Mistaken For Strangers

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Last night I walked into the tiny Facets Cinemateque theater to see Mistaken For Strangers. I thought it was just going to be a run-of-the-mill doc following the band around with a bunch of concert footage and some silly behind the scenes antics. Instead I saw a real movie about a man (director Tom Berninger) searching for his place in life and coming to terms with his older brother’s success. There are enough great shots of the band and big laughs to please fans of The National and otherwise, but I think all film lovers will be surprised with how well it works as an interesting narrative feature and documentary.

The story kicks off with Matt Berninger, lead singer of The National, asking his brother Tom to join them on a tour of Europe as a roadie. Tom thinks this is great-he doesn’t get to see his brother that often and he wants to document the tour for a movie. Throughout the movie he’s constantly being told to put the camera down and help with other things. He’s a lifelong screw-up, and it’s interesting to watch him take this great opportunity and continuously make poor decisions about pretty much everything.

He does set each member of the band down for a little Q&A, but these generally end up being silly because Tom has a real Chris Farley complex when he’s asking questions. He stumbles his way through questions about how famous they are, what it’s like playing in front of five thousand people, and the creative process of making a record. Then there are times when he asks things thing, “Who can play guitar faster, you or your brother?,” or “Has my brother ever lost his temper with you?” Errol Morris he is not, but these short sessions usually reveal more about Tom than they do about the band.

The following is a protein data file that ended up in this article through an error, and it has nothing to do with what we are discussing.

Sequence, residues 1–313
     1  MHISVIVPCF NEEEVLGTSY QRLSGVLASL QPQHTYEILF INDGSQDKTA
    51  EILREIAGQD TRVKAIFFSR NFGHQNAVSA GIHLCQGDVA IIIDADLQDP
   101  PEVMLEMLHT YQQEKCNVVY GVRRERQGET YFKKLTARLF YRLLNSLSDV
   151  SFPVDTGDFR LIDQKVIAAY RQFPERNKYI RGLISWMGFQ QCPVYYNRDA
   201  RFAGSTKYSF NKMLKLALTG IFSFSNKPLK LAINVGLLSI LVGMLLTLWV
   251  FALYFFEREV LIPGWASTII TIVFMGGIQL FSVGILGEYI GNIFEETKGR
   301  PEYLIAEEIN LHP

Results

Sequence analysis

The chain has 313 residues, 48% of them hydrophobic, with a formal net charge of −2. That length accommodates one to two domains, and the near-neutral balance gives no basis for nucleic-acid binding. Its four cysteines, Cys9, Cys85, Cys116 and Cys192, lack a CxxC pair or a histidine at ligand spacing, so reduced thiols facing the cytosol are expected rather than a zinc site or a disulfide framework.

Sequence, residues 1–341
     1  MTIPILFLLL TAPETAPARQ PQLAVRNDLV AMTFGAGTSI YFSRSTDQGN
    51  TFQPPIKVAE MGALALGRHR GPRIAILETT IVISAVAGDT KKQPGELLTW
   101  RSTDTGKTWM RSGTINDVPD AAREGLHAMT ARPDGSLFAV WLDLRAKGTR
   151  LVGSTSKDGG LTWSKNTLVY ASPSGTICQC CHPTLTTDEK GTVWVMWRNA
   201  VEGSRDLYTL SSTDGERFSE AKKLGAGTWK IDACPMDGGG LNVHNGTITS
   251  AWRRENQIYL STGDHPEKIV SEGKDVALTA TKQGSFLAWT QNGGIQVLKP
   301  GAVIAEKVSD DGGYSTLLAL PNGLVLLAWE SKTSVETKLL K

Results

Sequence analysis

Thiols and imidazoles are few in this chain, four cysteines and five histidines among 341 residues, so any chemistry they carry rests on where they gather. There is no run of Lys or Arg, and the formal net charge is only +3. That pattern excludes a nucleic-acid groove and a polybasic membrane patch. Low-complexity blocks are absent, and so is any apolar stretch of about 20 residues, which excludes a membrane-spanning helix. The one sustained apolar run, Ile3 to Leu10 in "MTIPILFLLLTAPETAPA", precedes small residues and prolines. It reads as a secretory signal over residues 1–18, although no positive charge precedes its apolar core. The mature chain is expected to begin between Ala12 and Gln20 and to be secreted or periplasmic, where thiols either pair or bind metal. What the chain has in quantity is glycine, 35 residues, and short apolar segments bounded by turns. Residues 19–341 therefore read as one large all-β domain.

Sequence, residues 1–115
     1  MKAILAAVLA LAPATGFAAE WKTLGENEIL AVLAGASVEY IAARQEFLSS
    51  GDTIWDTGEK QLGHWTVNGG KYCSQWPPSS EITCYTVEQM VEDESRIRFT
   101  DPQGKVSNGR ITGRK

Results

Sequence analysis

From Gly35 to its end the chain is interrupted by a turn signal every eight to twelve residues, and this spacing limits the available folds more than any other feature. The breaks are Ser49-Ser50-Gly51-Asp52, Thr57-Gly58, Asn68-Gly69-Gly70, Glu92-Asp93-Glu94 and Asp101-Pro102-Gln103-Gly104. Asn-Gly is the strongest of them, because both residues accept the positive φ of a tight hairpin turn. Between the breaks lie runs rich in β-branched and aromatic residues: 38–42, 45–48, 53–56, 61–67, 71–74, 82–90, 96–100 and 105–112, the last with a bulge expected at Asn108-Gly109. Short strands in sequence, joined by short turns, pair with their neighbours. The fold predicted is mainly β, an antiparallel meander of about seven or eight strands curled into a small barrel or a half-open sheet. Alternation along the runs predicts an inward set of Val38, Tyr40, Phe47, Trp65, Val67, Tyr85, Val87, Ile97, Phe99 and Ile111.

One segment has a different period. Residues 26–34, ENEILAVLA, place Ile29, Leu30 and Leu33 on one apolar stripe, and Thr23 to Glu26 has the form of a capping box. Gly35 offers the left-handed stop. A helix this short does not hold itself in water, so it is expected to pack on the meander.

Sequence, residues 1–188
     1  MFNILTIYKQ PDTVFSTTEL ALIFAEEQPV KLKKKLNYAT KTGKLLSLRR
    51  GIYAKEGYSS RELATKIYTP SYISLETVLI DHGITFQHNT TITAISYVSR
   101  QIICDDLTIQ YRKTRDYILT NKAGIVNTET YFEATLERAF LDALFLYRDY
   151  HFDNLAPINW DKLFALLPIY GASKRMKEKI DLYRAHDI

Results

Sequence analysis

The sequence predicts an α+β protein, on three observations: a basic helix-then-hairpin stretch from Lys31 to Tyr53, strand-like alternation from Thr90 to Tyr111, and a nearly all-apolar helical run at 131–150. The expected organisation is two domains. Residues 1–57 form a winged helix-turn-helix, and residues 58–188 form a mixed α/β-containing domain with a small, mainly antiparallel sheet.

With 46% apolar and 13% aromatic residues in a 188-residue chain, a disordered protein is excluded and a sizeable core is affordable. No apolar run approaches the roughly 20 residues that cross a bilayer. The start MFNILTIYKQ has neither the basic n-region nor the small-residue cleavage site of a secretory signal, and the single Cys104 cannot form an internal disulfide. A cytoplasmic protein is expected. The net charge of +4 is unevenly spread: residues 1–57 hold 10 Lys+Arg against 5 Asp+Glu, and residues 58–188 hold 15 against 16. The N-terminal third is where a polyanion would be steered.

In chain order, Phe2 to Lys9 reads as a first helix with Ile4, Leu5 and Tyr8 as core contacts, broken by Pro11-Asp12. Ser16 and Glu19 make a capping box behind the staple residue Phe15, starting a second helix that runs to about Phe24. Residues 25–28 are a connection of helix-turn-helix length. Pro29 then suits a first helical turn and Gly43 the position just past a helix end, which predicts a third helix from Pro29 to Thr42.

Over the course of a few tour stops the film changes from a movie about The National to a film about brothers. The band is made up of two sets of brothers and Matt, so it’s cool that the familial dynamic is something they explored with this movie. Tom and Matt love each other, and get along for the most part. You can see Matt struggle to not yell at Tom when he screws up, and the couple times Matt does lose his temper a bit it seems more out of disappointment than anger.

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It’s hard to explain the film, really, because it’s so short it feels like describing any scene is giving too much away. At a brisk 75 minutes, I definitely wanted it to be longer, but Tom Berninger does a great job of carving out a story that comes to a satisfying conclusion. He does get some amazing footage of the band, including a performance of “Vanderlyle Crybaby Geeks” that completely changed the way I feel about the song. He also gets Matt doing his usual stage move, and I’ve seen this myself, where he leaves the stage and walks as far back into the audience as he can. Of course, at the filmed show he got all the way out to the lobby of the venue, so that’s new.

If you have a sibling, I think the movie can be a bit more dramatic than if you’re an only child. We always want what’s best for our brothers and sisters, and you can see Tom and Matt are always rooting for each other. I don’t know if Tom has plans to keep making documentaries or do features, but he’s definitely got the passion for it. He’s just one of those lovable goofballs you always want around, so I hope he finds something a little better than the other movies he’s directed (there are a couple of hilarious scenes depicting his prior work).

The movie is only in a very limited number of theaters, so I’m glad I live somewhere that I could see it on the big screen. If you aren’t so lucky you can download Mistaken For Strangers on iTunes or check your video-on-demand listings.

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